Songwriting Arranging a Popsong

Good pop songs are easy to listen to and sometimes seem very simple, but nothing could be further from the truth. Writing a good pop song is not that easy. It really is an art to make a song sound ‘easy’. It’s the right combination of lyrics, hooks, and production.


Needless to say, well written lyrics are needed to come up with a good pop song, everyone understands that. But how do you write it? First of all, it is important to write in a language that you feel comfortable with. Not knowing what to say is extremely annoying. For example, if you really want to write a French song, but you don’t have a good command of the language yet, you might consider writing the lyrics in your native language first. Once the basics are in place, you can try translating it back to French.

In addition, it is not a superfluous luxury to avoid clichés. They are things that you have heard too often in songs, if you also start using them, people can quickly get tired of them. So, make sure you are original. Do you have trouble with that? Then read the tips and tricks in the article about ‘Lyrics’.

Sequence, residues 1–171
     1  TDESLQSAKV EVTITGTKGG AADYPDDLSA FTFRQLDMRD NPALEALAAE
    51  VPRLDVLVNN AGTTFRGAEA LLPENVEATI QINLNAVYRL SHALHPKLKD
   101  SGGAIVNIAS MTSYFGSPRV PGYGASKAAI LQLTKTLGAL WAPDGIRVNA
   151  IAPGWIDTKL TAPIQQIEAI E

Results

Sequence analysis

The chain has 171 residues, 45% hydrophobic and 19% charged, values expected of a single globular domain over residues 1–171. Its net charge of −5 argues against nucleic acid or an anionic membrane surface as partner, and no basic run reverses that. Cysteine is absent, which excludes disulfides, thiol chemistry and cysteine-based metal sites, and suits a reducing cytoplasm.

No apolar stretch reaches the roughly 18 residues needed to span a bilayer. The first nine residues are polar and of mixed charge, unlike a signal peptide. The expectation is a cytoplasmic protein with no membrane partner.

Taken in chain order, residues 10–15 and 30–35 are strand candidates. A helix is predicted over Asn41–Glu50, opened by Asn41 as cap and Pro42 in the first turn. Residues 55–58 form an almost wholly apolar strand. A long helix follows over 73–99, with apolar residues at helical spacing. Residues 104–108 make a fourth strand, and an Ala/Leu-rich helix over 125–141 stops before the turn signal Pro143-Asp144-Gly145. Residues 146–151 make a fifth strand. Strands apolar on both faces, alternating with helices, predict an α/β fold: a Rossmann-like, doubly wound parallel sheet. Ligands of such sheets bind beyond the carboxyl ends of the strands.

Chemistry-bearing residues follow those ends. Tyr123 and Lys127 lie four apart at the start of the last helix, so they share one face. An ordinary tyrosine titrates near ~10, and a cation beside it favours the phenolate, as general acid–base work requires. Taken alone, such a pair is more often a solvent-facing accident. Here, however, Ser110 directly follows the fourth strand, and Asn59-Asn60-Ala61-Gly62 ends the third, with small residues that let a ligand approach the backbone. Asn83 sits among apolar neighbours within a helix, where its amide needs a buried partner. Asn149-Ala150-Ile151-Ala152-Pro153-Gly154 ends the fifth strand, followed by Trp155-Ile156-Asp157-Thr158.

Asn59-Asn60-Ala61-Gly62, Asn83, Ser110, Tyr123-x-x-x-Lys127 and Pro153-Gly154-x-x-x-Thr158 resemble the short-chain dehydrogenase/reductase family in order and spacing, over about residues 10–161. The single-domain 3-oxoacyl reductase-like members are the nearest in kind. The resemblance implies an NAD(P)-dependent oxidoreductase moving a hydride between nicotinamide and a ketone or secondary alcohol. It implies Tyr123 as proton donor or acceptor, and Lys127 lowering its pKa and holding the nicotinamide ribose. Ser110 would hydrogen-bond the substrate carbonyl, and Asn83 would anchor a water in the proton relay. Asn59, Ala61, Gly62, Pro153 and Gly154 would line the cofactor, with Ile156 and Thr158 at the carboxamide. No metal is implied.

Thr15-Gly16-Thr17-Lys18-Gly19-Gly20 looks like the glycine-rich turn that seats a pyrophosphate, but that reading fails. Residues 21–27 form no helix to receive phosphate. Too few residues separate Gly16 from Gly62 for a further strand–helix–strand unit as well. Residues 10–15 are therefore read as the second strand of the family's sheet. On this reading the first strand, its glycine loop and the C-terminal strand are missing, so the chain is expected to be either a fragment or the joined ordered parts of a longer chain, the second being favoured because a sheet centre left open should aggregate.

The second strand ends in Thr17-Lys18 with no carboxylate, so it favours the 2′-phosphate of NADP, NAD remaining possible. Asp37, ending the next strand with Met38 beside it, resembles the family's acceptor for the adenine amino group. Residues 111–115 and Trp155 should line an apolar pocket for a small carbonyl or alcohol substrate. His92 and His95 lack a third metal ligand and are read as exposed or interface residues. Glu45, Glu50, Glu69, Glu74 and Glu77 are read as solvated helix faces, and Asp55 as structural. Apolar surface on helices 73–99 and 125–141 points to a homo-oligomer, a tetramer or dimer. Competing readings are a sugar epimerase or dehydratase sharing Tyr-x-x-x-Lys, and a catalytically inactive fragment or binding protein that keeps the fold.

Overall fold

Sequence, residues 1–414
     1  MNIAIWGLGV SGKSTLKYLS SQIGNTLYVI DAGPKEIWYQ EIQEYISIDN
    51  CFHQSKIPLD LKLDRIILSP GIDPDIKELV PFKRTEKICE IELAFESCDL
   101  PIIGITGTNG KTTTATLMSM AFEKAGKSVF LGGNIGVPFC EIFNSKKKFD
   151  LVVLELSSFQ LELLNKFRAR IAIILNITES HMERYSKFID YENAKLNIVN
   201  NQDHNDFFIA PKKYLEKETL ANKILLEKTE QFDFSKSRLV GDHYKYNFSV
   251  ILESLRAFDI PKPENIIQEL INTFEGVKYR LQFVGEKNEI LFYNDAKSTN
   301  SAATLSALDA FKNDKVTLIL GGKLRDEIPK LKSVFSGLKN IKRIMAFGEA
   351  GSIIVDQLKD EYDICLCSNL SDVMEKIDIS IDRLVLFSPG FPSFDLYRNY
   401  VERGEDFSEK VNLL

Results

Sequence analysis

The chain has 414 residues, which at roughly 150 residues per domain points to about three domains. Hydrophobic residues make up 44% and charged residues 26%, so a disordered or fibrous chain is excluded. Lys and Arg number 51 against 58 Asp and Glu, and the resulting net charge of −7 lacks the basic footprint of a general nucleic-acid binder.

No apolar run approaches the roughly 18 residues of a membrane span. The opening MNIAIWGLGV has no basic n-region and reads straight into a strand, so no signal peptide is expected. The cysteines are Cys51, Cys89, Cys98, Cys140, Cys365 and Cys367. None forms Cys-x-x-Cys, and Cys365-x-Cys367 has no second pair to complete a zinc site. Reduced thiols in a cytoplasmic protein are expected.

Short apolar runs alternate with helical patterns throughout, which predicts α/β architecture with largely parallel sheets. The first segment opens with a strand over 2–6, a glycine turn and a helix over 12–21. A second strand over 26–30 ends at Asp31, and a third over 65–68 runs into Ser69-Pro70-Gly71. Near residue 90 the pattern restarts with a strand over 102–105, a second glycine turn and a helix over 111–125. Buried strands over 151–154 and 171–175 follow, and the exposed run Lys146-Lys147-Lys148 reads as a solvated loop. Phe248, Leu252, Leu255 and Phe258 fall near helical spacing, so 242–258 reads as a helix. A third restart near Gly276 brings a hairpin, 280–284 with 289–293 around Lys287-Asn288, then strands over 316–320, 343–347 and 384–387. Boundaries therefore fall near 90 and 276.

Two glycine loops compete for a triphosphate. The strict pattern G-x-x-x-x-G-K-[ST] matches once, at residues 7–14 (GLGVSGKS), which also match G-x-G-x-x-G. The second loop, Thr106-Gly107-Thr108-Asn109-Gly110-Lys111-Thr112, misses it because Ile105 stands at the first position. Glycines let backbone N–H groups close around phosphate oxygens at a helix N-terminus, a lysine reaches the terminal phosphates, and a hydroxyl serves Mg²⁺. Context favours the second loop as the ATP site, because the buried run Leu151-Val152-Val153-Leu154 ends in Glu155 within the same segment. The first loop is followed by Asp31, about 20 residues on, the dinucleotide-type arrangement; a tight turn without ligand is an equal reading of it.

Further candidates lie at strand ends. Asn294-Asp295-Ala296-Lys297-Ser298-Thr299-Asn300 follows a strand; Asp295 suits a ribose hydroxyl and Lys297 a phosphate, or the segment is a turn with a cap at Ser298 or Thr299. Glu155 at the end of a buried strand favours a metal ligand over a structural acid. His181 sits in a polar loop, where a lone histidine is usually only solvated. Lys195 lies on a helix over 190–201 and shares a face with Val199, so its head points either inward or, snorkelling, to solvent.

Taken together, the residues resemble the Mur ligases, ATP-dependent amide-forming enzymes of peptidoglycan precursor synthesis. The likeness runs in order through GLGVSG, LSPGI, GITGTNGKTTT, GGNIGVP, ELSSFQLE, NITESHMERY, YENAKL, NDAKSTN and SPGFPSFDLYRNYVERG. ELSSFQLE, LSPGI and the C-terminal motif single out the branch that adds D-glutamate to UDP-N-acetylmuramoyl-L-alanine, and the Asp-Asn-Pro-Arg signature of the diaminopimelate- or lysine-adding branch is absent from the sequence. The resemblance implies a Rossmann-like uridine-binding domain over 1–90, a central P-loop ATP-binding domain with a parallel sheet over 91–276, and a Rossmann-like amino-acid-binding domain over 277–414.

Hooks are specific parts of a song that keep haunting the listener’s mind and make them not easily forget the song. Hooks can be different things, lyrical tricks, melodic delights, recognizable rhythms or innovative productions.

A lyrical hook is sometimes called a ‘tagline’. This is a word or phrase in the chorus that often stands out. It can be repeated throughout the chorus, or just close the chorus at the end. You regularly find that ‘tagline’ as the title of the song.

Other types of hooks include Phil Collins’ drum solo in ‘In The Air Tonight’ or the piano in Robbie Williams’ ‘Angels’. Hooks don’t necessarily have to be hidden in the lyrics or vocals.

Production and arrangement

When writing a (pop) song you must think carefully about the structure. The most used structure is “Verse – Pre – Chorus – Verse 2 – Pre 2 – Chorus 2”, possibly followed by a bridge and a closing chorus.

Nowadays you don’t hear many intros, and if there is one, it is very short. Experience shows that today’s consumer no longer has the patience to listen to the intro and often skips to the next song if it takes too long. So, make your point quickly. Also often said: ‘don’t bore us, get to the chorus’.

To read more about Songwriting and how to improve the process of developing, creating and refining recorded music visit our knowledge base page about Songwriting Education.